Nerdy Loves Stories For All – “The Secret Loves of Geeks” Review
If you are a reader of this site, chances are you classify yourself as a nerd, geek, or something similar. You like comics, video games, movie franchises, cartoons, anime – any combination of those or others. That also means many of you know the sting of Cupid’s arrow, or when it misses you altogether. Fret not, because there is a new anthology for you to give you hope, a few chuckles, and some serious thought about what it means to be a geek and be in love.
The follow-up to The Secret Loves of Geek Girls, this edition expands on its premise and goes beyond gender to give everyone a chance to tell their story of romance. This book filled with comics and prose features many prominent nerdy creators (over 50 if you can believe they squeezed that many stories into this), who tell you all about their love life (and sometimes lack of one). When we say there is something for everyone, we mean it – as this book has tales from across the spectrum of sexuality and genders, and is very LGBTQ+ friendly.
Edited once again by Hope Nicholson, “The Secret Loves of Geeks” includes stories by Margaret Atwood, Mariko Tamaki, Trina Robbins, Marguerite Bennett, Noelle Stevenson, Marjorie Liu, Gabby Rivera, Gerard Way, Amy Chu, Tini Howard, and an enormous list of others.
Being the comic lover I am, I was initially drawn to just the illustrated stories. However, after reading a few stories from creators I knew or whose work I liked, I found myself digging through everything. I really enjoyed Gabby Rivera’s story of coming to terms with understanding her sexuality, and Hope Nicholson’s entry about hooking up with fellow comic creators at Comic Cons (and the problems with that). This anthology also opened my eyes up to many artists I was previously unfamiliar with, but now consider myself an intrigued fan. “Smudged” by Letty Wilson, “Deceptively Normal” by Dana Simpson, and “Love in Alderaan Places” by JP Larocque come to mind in particular.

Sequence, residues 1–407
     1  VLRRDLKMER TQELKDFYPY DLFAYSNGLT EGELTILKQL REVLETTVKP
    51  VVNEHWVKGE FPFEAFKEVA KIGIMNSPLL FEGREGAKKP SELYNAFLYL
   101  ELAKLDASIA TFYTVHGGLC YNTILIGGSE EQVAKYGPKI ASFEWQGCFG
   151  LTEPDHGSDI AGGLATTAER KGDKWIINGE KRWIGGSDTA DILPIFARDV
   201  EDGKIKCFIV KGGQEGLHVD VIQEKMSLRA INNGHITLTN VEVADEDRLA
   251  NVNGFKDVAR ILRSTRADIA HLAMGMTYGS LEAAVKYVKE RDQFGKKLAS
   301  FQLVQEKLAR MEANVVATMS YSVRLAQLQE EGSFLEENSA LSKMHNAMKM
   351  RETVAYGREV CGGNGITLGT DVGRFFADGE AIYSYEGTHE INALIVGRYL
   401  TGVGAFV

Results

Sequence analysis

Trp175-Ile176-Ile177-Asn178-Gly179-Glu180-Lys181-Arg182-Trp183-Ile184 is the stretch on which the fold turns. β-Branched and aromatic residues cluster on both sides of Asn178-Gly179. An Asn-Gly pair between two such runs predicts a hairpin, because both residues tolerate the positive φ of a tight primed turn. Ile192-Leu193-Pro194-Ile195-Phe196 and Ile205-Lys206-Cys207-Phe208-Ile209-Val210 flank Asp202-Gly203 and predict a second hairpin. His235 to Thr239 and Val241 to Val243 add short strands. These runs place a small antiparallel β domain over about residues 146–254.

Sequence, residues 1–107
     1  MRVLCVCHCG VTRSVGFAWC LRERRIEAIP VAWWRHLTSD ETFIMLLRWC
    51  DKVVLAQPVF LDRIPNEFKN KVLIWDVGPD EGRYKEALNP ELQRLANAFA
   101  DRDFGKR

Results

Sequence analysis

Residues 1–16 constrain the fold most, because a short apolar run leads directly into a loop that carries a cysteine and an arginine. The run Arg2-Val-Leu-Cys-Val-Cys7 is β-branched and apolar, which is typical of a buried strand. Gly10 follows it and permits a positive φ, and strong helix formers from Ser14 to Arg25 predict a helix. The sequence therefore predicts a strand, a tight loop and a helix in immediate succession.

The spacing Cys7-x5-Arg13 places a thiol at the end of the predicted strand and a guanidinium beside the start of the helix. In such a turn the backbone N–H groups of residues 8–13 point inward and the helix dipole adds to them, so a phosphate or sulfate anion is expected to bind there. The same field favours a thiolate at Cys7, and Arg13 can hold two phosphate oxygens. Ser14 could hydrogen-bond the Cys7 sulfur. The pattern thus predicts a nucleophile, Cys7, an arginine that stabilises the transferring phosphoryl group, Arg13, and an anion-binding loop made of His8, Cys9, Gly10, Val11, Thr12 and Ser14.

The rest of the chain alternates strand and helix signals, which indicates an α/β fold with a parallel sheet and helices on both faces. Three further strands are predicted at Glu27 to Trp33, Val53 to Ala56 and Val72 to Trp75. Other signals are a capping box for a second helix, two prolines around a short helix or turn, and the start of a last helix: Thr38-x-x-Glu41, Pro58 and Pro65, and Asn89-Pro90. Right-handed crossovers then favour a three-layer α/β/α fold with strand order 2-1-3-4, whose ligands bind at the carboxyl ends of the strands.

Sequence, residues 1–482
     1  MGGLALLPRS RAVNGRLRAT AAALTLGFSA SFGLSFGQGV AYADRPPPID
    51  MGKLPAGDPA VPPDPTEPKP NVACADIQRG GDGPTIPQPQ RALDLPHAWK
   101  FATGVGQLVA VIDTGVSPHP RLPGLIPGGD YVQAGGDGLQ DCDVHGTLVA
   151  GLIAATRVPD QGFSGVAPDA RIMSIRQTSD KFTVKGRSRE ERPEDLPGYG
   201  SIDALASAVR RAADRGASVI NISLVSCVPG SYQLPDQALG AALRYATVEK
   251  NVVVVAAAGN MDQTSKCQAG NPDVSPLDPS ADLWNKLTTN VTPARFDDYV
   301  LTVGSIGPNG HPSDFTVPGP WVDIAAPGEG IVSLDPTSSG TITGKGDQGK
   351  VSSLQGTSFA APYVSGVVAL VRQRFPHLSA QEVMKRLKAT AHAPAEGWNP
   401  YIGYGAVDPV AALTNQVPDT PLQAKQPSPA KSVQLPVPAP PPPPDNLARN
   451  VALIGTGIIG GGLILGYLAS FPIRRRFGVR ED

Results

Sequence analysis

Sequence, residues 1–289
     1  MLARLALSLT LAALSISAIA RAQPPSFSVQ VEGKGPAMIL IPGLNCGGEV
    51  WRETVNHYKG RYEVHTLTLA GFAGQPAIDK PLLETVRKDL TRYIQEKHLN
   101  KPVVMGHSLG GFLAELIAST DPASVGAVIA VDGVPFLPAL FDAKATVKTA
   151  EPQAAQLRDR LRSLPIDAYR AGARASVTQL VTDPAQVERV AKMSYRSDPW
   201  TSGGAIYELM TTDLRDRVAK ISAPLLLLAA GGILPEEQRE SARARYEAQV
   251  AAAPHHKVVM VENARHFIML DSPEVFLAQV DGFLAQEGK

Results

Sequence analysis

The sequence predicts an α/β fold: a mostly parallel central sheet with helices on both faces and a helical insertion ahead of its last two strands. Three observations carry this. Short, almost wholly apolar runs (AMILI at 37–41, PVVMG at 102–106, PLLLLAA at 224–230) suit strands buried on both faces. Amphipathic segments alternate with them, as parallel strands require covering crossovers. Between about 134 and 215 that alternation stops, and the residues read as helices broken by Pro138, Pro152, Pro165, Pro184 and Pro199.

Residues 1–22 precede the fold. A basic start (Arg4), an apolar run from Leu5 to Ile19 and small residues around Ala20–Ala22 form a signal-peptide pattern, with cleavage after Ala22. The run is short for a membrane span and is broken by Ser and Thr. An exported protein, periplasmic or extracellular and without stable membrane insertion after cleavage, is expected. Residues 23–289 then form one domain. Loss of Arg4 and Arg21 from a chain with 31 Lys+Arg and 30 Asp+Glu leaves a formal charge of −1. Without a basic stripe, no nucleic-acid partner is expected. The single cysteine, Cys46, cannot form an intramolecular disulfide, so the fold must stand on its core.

The inclusiveness of all genders and sexualities in this book is not a gimmick, but a sincere effort to give everyone a voice. It’s a reminder to geeks from all worlds to remember that though we may be into different genres of fandom and different types of people, we all face the same battle when it comes to romance. It can be heartbreaking, it can be funny, but it’s always optimistic and hopeful. It’s a unifying element for all geeks to want to be loved and accepted by not just their own people but a significant other, and this anthology is a great way to connect yourself into the universal nerd collective.
The Secret Loves of Geeks is available February 14 from Dark Horse Comics. If you liked “The Secret Loves of Geek Girls,” you will love this second entry into the series that is bigger and better than the previous anthology. Are there plans for more of these in the works? Time will tell, but I have high hopes that this is not the last we have seen of this series.